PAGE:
Teachers and Learners – Critical Pedagogy

So many topics covered in the reading this week from Freire and hooks.  Some interesting ideas and concepts.  One that stood out to me was the concept of teachers as learners.  This is something I’ve thought a lot about during my time teaching.  We focus a lot on helping students to develop open minds and to think critically but we don’t talk as often about how to help teachers keep and open mind.  We often fall into the “banking concept” discussed by Freire where teachers are simply trying to fill the minds of students like an empty receptacle rather than actually teaching them.  Teachers can fall into the trap of thinking they know everything because that’s kind of how the banking concept is set up.  This ends up restricting learning and discouraging critical thinking because analytical questions from students are seen as a challenge to a teacher’s authority and traditional pedagogy.  Or they can be viewed as distractions from the syllabus that the teacher has worked so hard to stick to.  As teachers, we need to work to overcome that mentality.  As we view ourselves as facilitators of learning rather than just someone filling a bucket with facts, I think we open ourselves and our students to more meaningful learning experiences.  And a more enjoyable experience as well.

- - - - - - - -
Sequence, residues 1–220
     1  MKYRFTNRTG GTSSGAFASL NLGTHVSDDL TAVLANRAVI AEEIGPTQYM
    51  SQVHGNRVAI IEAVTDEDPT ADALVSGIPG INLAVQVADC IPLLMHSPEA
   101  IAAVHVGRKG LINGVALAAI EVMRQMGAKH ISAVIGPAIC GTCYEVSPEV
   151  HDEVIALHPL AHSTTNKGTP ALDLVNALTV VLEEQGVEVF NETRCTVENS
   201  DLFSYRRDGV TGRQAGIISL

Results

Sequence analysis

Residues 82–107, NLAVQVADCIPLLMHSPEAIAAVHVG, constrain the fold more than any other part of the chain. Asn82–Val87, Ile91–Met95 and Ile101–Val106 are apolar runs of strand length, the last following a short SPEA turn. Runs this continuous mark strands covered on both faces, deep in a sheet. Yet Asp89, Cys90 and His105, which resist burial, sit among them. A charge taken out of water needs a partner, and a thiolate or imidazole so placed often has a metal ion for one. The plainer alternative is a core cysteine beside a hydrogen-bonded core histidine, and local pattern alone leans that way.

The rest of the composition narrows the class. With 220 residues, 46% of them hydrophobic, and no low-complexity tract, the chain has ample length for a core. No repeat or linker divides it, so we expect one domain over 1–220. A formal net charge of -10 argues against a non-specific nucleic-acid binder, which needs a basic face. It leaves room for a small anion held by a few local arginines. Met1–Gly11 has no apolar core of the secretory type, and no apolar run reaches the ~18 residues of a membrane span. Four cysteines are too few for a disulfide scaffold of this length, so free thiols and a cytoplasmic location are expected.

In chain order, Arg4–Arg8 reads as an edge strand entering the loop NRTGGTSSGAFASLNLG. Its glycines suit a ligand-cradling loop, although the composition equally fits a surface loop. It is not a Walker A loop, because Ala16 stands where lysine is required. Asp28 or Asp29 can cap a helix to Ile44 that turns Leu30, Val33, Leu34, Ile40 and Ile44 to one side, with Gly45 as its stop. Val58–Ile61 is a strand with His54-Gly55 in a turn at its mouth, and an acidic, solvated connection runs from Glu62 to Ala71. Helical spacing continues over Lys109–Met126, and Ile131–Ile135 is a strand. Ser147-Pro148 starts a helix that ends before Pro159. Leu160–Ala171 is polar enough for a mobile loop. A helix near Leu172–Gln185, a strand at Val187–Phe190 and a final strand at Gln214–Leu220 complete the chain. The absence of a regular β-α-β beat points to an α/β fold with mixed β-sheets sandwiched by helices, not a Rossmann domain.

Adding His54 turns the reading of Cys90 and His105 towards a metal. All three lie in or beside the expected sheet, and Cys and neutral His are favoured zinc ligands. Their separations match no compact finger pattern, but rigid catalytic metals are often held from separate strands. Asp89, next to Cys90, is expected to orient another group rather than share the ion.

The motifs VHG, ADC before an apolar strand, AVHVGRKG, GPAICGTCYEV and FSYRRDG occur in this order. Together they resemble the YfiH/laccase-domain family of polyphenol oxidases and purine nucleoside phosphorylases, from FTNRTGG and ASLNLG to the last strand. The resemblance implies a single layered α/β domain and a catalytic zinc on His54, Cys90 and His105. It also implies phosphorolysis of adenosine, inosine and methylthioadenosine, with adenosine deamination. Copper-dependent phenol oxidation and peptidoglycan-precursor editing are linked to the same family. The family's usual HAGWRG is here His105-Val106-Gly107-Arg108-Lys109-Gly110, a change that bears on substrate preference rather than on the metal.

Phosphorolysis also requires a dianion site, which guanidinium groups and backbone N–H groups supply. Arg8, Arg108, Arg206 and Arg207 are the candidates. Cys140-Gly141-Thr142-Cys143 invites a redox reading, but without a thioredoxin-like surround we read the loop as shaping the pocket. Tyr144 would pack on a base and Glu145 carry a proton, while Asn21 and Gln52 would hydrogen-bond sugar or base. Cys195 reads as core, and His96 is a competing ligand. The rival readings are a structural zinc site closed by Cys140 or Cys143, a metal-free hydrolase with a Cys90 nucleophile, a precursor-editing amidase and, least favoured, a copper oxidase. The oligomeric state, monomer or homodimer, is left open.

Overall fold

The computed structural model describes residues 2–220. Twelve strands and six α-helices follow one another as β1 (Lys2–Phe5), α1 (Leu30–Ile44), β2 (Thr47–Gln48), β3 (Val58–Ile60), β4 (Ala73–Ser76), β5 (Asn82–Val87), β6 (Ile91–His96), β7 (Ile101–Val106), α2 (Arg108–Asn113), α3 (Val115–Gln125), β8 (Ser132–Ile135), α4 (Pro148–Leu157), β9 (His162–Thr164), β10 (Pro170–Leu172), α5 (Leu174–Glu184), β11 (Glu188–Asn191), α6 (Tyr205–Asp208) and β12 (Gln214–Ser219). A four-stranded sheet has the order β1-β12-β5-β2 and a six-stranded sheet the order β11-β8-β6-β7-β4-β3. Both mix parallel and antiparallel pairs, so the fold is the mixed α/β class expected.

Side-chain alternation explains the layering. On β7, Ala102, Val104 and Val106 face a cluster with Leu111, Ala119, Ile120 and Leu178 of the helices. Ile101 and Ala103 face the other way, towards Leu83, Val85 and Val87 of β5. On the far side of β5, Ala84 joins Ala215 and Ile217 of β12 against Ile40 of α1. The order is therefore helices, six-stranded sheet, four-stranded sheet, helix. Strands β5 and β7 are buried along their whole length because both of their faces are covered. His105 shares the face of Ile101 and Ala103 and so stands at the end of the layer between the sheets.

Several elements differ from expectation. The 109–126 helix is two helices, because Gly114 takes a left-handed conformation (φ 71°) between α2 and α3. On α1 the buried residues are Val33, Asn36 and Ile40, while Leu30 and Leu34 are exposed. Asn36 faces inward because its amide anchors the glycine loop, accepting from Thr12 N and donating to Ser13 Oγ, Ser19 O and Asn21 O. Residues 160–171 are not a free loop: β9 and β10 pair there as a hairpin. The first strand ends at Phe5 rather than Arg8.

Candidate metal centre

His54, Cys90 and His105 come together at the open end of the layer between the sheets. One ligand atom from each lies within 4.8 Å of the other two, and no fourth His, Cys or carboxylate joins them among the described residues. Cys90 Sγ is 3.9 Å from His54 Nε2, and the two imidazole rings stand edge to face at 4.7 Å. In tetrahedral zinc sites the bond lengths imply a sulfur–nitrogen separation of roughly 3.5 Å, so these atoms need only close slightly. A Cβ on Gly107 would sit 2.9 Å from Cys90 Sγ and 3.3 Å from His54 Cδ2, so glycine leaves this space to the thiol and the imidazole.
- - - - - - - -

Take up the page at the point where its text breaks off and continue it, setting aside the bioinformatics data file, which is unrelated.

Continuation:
I have been amazed at how many times I’ve been explaining a concept to someone, even a concept that I’m pretty familiar with, when suddenly a lightbulb goes off and I understand something totally new about the concept.  Sometimes that’s triggered by a question from the person I’m teaching and sometimes it’s simply triggered by the process of explaining what I think I know to someone else and having to vocalize those thoughts.  Either way, I find it incredible how much we can learn while teaching.  This is why group work and group discussions are so useful.  I have been impressed by professors who have been willing to learn while they teach.  We’ll be having discussion in class and someone will pose a question that they may not know the answer to.  Rather than taking this as a challenge to their authority, we have been able to turn these questions into interesting discussions and learn together.  Seeing a professor be open to questions and discussion, I believe, encourages students to engage and think critically and to become more involved in the learning process.  Perhaps we can do a better job encouraging our students to be teachers and our teachers to be learners and maybe we’ll all learn something from each other.